Mitch McConnell, likely before creating another Horcrux
(Image of Voldemort from Wikipedia)
The radicalism of GOP votes stepped up considerably after the Democrats narrowly took back the Senate in 2006.  It is our theory that when Mitch McConnell became the leader of his caucus after Bill Frist left the Senate, he was furious that he would not be Majority Leader.  Why?  Because early on in 2005, he knew he would become Majority Leader.  Republican had just triumphed after Bush's reelection.  How could things go wrong?  Frist was going to keep his promise to serve only two terms (having first been elected in 1994) and therefore McConnell, then Senate Majority Whip would ascend.  Then George W. Bush's second term happened.  Republicans were falling left and right in 2006 including just enough senators.  McConnell's dreams were crushed.  But rather than become a cooperative Minority Leader, he became a vindictive one and pushed the Senate into becoming a parliamentary body where members are forced or threatened to remain in lockstep with leaderships.  

This kind of behavior is virtually necessary in Canada or the UK and acceptable in the House of Representatives, but never intended for the Senate as Snowe's column illustrates.  Democrats are not blameless in this regard, but it seems that McConnell took a behavior that had begun to creep into the Senate in 1980 and 1994 and used it wholesale.  Democrats, rightly or wrongly, felt they could not unilaterally disarm and fought fire with fire.  Thus the Senate of today.

Monday, February 27, 2012

Manic Monday Markup 2/27/2012...

We took the week off last week other than the Take Down...late as it is, but packed!

...And the World:

It's a political tussle Down Under as the former Prime Minister and leader of the ruling Labor Party tried to throw his successor on the barbie.  Kevin Rudd, who led Labor to victory in 2007, was deposed and replaced by Julia Gillard in 2010, who became Australia's first woman Prime Minister.  Labor lost the majority in the snap elections following Gillard's coup, but retained power with the help of the Green Party.  Gillard made a deal with the Greens to push a carbon tax, which is unpopular (although misunderstood).  Rudd, who challenged Gillard's leadership in part due to her low poll numbers, was trounced in the leadership elections held today.  Ironically, the political drama may have done as much as policy to harm Labor and Gillard's numbers.  Although he pledged full support to Gillard to allow Labor to govern, there are grave concerns the row could weaken the party over the next year as it prepares for the 2013 elections.  Others say Liberals' New Coalition Party and its leader, Tony Abbott, should be worried.  In the meantime, Gillard will need to reshuffle her cabinet to replace among others, Rudd, who was Foreign Minister until this month and likely hopes for calm within her party for now.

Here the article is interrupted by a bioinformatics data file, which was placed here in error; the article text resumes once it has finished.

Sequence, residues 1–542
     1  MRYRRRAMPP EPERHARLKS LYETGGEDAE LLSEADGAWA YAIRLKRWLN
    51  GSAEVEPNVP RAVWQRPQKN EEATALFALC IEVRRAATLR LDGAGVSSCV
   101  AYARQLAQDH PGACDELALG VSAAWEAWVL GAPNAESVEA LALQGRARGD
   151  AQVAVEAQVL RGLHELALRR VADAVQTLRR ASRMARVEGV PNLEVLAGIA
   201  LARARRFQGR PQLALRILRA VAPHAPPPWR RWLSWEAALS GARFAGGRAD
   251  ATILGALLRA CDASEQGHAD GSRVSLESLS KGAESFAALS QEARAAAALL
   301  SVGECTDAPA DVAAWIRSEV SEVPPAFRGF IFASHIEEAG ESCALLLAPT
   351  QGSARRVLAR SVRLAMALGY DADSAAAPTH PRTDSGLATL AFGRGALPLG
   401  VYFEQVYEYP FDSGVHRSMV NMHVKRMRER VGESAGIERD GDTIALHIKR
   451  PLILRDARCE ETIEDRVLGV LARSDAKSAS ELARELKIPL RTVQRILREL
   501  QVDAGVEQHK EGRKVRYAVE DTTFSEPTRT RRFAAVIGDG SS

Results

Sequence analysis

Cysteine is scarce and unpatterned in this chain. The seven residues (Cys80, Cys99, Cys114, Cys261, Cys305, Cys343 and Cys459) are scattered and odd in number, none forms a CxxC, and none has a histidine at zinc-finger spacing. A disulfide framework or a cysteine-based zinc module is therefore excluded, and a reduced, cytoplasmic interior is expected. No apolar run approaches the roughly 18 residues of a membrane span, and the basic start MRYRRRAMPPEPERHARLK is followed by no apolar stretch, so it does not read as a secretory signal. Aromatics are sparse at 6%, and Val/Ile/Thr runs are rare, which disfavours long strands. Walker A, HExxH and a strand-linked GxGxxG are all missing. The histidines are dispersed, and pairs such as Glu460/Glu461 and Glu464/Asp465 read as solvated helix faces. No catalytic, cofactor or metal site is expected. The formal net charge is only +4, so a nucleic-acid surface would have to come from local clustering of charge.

Germany approves the Greek bailout, a critical step to calming the continent's tempestuous credit markets.  However, it may have exacted a political cost on German Chancellor Angela Merkel.

The Guardian takes a look at the political career of Vladimir Putin who is expected to win Sunday's election.  From his decision to run again for President to the largest protests to rock post-Soviet Russia, the article describes the sense that Putin may be in the twilight of his political career despite another term as Russia's president.

The Feds:

If you are reading this, it is probably already Primary Day in Arizona and Michigan for Republicans.  While Arizona is not thought to be competitive as Mitt Romney had invested heavily in the state and before the Santorum surge momentum, Michigan, Romney's home state suddenly became endangered.  Polls have fluctuated between our former governor and former Pennsylvania Senator Rick Santorum and either one could win tomorrow's primary.  NPR has reports from both the Romney and Santorum campaigns on the last day of the race in Michigan.

As Maryland joined the ranks of states enabling Marriage Equality, although not before 2013, New Hampshire may be poised to roll back its historic establishment of equal rights for gays and lesbians.  Republicans in the State House have more than enough votes to pass the measure, but they must overcome a veto by Democratic Governor John Lynch who signed the bill establishing marriage equality.  They may succeed, but other efforts undertaken by the hard-right legislature have failed to overcome Lynch's veto.  Polls in the Granite State support gay marriage and complicating matters further is the 9th Circuits move to invalidate California's gay marriage ban.  That ruling stated that there must be a compelling state interest to reinstate a gay marriage ban (as opposed to keeping in place an existing one).  That case is likely to be appealed to the Supreme Court.

Darrell Issa, who convened the all-men panel on women's health "religious liberty" admitted that his made-for-TV whupping of the president was not his best performance.  Democratic Congresswoman Carolyn Malony had Issa at "Where are the Women?"

The State of Things:

Really?  Former Rhode Island Congressman Patrick Kennedy, the son of Senator Edward M. Kennedy asked Scott Brown to stop invoking his father in ads defending Brown's position on the Blunt Amendment.  The Blunt Amendment, you will remember, would allow any employer or insurance the right to deny ANY medical care in an employee health care plan for ANY reason of moral conscience.  Moral conscience is not defined.  Brown essentially told Kennedy that he knows what the late senator would do.  The admonition from Patrick Kennedy came after a pair of dueling Ed-Op, one from Brown and one from his likely Democratic challenger Elizabeth Warren.  Hint!  Brown has either published a dictionary with an alternate definition of the words involved or he's lying.  Adrian Walker goes further and calls it "sleazy."